[big edit]

(1) Let $L/K$ be as above. Take any non-identity element $\sigma \in G_{L/K}$, and let $F=L^{<\sigma>}$ be the fixed field of the cyclic subgroup generated by $\sigma$. By your comment above about the vanishing of $H^3$, every galois invariant CSA of $L$ is a base change of a CSA of $F$. Hence, there are no galois invariant CSA that are not a base change from any proper subfield.

But, if you fix $L$ and $K$, then there can be galois invariant CSA's of $L$ that are not a base change from $K$. Since the smallest non-cyclic group is $C_2\times C_2$, we would like to search for examples with such a galois group.

For $K=\mathbb{Q}$, probably, the simplest example is:
$$L=\mathbb{Q}(\sqrt{-3},\sqrt{13}),\ (43)=P_1\cdot P_2\cdot P_3\cdot P_4,$$
$$u=\frac{1}{4}P_1+\frac{1}{4}P_2+\frac{1}{4}P_3+\frac{1}{4}P_4 \in \bigoplus_v Br(L_v)$$

I will prove below that this element of the Brauer group is not a base change, and that in fact a similar construction can be given for any extension.

(2) Near the end of Tate's "Global Class Field Theory" section in Cassels-Frohlich, there is a small paragraph devoted to $H^3(G_{L/K},L^\times)$:

"$H^3(G,L^\times)$ is cyclic of order $n/n_0$, the global degree divided by the lowest common multiple of local degrees, generated by $\delta u_{L/K}$ ($\delta:H^2(C_L)\rightarrow H^3(L^{\times})$), the "Teichmuller 3-class." ..."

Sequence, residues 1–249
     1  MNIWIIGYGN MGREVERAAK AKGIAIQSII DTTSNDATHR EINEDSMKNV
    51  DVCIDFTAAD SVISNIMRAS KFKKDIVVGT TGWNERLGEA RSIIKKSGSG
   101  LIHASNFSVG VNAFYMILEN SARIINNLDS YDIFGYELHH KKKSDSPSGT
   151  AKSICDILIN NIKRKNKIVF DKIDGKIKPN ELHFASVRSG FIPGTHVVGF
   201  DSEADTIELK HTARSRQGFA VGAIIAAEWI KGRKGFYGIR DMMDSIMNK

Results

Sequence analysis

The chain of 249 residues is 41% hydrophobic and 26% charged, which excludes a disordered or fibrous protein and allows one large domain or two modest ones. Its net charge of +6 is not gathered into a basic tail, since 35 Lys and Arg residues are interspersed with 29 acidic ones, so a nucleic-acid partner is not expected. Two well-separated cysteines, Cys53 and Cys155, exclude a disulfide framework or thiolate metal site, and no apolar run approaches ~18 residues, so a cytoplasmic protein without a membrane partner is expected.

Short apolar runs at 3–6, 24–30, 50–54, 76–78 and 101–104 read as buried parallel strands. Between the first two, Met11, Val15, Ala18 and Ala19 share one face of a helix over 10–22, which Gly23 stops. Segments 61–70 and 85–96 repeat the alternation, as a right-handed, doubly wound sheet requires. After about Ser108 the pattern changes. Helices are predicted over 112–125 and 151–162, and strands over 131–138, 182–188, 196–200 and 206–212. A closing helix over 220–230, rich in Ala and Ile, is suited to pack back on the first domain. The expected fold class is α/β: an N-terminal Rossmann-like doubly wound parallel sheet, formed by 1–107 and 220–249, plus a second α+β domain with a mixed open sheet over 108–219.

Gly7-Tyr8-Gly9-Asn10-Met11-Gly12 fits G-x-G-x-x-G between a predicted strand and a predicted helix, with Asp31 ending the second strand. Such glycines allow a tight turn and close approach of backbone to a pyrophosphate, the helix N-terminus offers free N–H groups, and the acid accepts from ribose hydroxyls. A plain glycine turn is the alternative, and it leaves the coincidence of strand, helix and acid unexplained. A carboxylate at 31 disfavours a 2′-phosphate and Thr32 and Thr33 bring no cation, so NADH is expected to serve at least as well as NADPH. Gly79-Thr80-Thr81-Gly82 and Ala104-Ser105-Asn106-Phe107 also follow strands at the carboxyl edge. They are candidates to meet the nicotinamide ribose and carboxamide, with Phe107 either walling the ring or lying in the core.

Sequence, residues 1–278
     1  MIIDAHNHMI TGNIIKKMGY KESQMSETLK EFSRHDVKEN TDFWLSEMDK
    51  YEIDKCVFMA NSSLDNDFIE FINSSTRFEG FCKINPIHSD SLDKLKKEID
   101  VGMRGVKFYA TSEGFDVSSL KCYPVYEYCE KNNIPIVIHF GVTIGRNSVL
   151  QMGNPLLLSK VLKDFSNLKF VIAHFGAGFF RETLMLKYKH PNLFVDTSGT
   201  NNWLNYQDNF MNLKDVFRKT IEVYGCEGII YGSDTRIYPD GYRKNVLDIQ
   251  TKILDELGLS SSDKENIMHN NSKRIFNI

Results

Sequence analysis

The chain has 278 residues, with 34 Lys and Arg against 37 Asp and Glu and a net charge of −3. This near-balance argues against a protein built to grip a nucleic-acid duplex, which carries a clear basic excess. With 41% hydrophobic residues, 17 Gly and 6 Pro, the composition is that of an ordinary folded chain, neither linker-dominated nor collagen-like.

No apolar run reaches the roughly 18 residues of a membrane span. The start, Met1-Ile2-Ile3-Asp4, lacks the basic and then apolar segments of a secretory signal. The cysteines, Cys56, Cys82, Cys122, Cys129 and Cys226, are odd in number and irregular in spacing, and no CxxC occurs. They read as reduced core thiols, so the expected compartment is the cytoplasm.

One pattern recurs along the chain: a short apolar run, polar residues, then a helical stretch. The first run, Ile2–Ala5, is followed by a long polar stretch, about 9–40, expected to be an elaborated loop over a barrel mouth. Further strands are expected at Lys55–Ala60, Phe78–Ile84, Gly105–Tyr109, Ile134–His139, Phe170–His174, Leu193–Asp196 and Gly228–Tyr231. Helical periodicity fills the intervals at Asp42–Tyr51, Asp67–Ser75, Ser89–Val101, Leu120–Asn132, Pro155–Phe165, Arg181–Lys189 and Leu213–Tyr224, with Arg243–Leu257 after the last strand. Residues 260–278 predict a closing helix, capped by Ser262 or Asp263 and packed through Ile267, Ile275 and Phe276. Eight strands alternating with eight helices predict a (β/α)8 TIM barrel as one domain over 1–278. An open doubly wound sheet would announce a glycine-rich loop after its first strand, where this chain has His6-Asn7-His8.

Therefore, assume $n_0 < n$ for our galois extension $L/K$. Let $v_0$ be an unramified finite place of $K$ that splits completely (exists by Chebotarev's theorem). We can construct an element of the Brauer group similar to the one above:
$$u := \sum_{w|v_0} \frac{1}{n} w$$

This is in fact an element of $Br(L)$ since the number of $w|v_0$ is $n$, so that $n\frac{1}{n} = 1 \in \mathbb{Z}$.

**Proposition.** For any prime $p$ that divides $\frac{n}{n_0}$, $\frac{n}{pn_0}\cdot u$ is not a base change.

From which we immediately get:

**Corollary.** The map $Br(L)^{G_{L/K}}\rightarrow H^3(L^\times)$ is onto.

**Proof of proposition.** Assume that $\frac{n}{pn_0}\cdot u$ is the base change of some $u'$, i.e.
$$u' = \sum_v n_v v \mapsto \sum_v \sum_{w|v} [L_w : K_v] n_v w = \frac{n}{pn_0}\cdot u$$

Since for any $w|v_0$: $[L_w : K_{v_0}] = 1$, we must have $n_{v_0} = \frac{n}{pn_0}\cdot \frac{1}{n} = \frac{1}{pn_0}$. And since $\sum_v n_v \in \mathbb{Z}$, at least one other place $v_1$ has
$$v_p(n_{v_1}) \le v_p(n_{v_0}) = v_p(\frac{1}{pn_0}) < 0$$

Where $v_p$ is the usual $p$-adic valuation. So, using that $n_0$ is the lcm of local degrees:
$$v_p([L_{v_1}:K_{v_1}] n_{v_1}) \le v_p(n_0) + v_p(\frac{1}{pn_0}) = -1$$

Contradicting the zero coefficient of any $w|v_1$ in $u$.

A small computation shows that for the extension $\mathbb{Q}(\sqrt{-3},\sqrt{13})/\mathbb{Q}$, $n_0=2$, and that indeed this is the smallest (discriminant-wise) $C_2\times C_2$ such extension.